Smith & Nephew is the world’s fourth-largest producer of orthopedic reconstruction products. This multinational medical equipment manufacturer based in London, England sells their products in over 90 countries—including the United States. Their product catalog has included several defective metal-on-metal hip replacement systems, several of which have been recalled. As a result of malfunctions in these defective devices, many patients who have received these defective surgical implants have needed dangerous, painful, and costly revision surgery to correct the damage done.


A traditional total hip replacement is often referred to as a “THA,” which stands for Total Hip Arthroplasty.  Smith & Nephew sold several defective THA metal-on-metal hip implant products.  Although the designs varied slightly, the problem was the same.  The friction of the metal-on-metal components rubbing against each other caused metal particles to rub off and be absorbed into the body, often causing serious medical complications.


One of the Smith & Nephew defective metal-on-metal THA products was the R3 Acetabular Total Hip Replacement System.  This system used a metal acetabular cup and a metal femoral head, and featured a metal liner between the two.  The R3 cup was placed in the thigh bone (acetabulum) and the femoral component was a stem, which was implanted into the hip bone (femur).  A metal liner was placed between the cup and the top of the femoral stem, often referred to as the head or the ball.  Smith & Nephew issued a recall of the metal liner used in the R3 Acetabular Total Hip Replacement System in June 2012. The R3 System failed at a higher-than-normal rate—forcing hundreds of patients to undergo revision surgery. After the recall, Smith & Nephew issued what was supposed to have been a precautionary “hazard alert” to those doctors who had prescribed this system to their patients.


In addition to the R3, Smith & Nephew promoted the use of a THA metal-on-metal system that used a BHR (Birmingham Hip Resurfacing) Acetabular Cup, combined with a modular femoral head, a modular sleeve, and a femoral stem, usually a Synergy or Anthology stem.  The head and sleeve were never approved for use by the FDA for use in THA’s. The BHR Cup was part of a different type of Smith & Nephew hip replacement system known as the BHR resurfacing that did not use a femoral stem.  Certain components of the BHR system were recalled in 2015 because it also failed at higher-than-normal rates and forced patients to undergo revision surgery.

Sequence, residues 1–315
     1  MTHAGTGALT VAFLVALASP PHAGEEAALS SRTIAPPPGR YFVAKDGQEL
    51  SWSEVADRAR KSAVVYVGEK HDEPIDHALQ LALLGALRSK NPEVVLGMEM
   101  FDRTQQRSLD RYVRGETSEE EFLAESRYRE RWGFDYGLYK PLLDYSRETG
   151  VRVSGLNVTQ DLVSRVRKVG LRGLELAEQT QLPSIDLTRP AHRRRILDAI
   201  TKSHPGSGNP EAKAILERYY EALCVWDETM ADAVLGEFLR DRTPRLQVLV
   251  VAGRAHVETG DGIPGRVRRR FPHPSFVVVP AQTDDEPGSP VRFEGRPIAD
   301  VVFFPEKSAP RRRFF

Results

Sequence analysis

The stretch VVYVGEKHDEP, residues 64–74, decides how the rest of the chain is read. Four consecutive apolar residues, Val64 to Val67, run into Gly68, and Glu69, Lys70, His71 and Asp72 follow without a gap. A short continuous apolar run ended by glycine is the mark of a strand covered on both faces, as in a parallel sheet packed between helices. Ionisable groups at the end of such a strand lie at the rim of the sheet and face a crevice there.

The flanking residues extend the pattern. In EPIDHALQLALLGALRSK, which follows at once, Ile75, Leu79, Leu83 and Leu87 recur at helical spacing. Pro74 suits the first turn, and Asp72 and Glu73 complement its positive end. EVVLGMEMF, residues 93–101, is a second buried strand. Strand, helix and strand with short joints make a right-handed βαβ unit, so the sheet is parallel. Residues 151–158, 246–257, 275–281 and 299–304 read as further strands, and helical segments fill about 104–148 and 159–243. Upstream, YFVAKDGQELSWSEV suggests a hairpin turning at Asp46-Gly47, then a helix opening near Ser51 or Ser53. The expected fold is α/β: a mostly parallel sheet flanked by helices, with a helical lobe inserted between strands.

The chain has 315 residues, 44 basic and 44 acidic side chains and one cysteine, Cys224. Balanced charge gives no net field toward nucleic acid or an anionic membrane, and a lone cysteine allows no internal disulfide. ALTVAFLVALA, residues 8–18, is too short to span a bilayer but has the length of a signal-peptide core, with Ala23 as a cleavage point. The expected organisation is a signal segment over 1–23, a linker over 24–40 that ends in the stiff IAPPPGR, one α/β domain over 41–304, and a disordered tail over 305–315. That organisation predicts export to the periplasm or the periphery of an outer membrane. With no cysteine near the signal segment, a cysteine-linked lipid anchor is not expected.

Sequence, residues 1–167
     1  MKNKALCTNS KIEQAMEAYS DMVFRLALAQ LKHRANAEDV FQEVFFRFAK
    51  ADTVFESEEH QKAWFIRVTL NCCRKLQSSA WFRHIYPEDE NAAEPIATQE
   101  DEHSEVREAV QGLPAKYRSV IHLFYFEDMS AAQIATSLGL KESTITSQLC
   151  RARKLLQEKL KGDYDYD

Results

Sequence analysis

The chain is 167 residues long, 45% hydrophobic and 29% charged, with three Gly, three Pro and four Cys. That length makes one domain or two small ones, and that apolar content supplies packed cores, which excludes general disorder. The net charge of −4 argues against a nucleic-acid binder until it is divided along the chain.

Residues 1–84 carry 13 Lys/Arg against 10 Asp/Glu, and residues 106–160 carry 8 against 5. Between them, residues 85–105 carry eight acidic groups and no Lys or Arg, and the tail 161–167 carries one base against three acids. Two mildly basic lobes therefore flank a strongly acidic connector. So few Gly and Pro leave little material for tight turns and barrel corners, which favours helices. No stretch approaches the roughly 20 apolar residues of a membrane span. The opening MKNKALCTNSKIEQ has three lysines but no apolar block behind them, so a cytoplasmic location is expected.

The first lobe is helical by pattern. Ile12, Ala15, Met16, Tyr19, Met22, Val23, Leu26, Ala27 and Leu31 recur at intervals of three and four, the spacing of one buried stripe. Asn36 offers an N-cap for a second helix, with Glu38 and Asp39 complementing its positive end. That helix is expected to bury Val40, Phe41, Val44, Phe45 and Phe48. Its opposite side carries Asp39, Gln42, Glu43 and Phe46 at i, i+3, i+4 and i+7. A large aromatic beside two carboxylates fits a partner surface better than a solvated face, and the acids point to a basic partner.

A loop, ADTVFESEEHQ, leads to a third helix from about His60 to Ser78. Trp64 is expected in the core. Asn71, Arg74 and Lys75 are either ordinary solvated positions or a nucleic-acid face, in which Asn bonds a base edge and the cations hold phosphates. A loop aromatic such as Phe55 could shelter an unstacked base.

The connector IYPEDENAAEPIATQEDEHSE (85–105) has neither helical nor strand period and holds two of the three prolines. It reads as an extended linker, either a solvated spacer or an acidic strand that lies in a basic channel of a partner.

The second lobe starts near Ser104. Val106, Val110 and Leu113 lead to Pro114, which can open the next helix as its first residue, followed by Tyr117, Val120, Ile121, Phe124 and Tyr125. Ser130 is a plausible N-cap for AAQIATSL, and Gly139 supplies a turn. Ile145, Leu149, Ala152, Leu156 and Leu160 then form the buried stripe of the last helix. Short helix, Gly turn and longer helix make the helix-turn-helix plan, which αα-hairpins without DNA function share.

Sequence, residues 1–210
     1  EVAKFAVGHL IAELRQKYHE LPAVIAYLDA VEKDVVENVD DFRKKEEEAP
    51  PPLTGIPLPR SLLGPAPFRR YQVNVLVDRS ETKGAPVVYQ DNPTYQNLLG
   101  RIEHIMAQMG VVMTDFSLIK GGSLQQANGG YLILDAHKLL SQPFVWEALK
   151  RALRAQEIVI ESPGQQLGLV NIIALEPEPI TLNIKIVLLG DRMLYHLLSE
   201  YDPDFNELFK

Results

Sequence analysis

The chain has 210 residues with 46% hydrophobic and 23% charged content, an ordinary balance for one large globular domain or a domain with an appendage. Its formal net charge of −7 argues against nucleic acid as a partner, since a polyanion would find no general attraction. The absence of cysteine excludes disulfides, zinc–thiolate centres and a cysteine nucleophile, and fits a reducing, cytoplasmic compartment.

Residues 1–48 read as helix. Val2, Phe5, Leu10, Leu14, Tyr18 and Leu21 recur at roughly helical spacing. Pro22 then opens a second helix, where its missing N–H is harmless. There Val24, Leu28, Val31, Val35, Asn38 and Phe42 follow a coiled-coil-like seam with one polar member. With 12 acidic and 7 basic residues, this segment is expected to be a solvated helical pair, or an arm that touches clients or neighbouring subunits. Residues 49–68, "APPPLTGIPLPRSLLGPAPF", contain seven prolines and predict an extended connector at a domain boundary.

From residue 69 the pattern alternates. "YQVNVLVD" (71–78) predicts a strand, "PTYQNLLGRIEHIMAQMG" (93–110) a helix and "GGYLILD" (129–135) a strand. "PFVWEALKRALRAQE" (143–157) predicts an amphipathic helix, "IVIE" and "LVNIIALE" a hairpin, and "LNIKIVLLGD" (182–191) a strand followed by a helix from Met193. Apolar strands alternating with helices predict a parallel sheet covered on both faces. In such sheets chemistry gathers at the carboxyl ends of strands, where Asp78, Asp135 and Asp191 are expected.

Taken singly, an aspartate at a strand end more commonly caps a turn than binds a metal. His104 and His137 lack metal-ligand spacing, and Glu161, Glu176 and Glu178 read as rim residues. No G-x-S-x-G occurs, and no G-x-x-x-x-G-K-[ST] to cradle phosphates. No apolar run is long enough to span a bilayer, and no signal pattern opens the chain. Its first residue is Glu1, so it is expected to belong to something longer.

Other Smith & Nephew metal-on-metal THA systems that failed and resulted in a recall include the modular neck component used in the SMF (Short Monolithic Femoral) and Redapt hip products.  Both these systems have metal neck pieces (chromium and cobalt) that combine with metal (titanium) stems.  Smith & Nephew recalled the neck component in 2016 based on a “higher than anticipated complaint and adverse event trend” that posed the potential for “a greater risk of revision surgery.”

Known problems with all these Smith & Nephew THA systems resulted from the metal-on-metal design of the products. Metal surfaces of individual components rub against each other during normal use—leading to metal erosion. This erosion released metal particles—including Cobalt and Chromium—into the patient’s bloodstream and surrounding tissue. These particles, called ions, can lead to a buildup of metal debris that causes tissue, bone, and muscle damage around the implant.  This can lead to complications that include loosening and failure of the device, dislocations, and femoral fractures.  The elevated concentrations of chromium and cobalt absorbed into the body often results in metallosis, a type of metal posioning. This medical condition has many severe side effects, including:

  • Severe hip and leg pain
  • Tissue, bone, and muscle damage
  • Pseudotumors 
  • Reduced joint mobility
  • Joint Dislocation
  • Early device failure
  • The need for revision surgery

The True Cost

When patients must undergo painful and costly revision surgery following the implant of a faulty medical device, the corporations responsible for manufacturing and marketing these defective products must be held accountable. If you have been injured due to a defective Smith & Nephew metal-on-metal hip implant device, time may be running out to file a claim for damages.

Yost Can Help You Find Answers

If you or a loved one has suffered from harmful side effects or required painful revision surgery after having a metal on metal hip implant, the Yost Legal Group can help you file a claim seeking the justice you deserve.

Free consultation: Call 1-800-YOST LAW or complete the contact form below to learn more about how we can help.

Call the Yost Legal Group today and speak to a Defective Hip Lawyer for a free initial consultation about your case at 1-800-YOST-LAW (1-800-967-8529). We will review every detail of your situation at no cost to you and help provide answers you seek.

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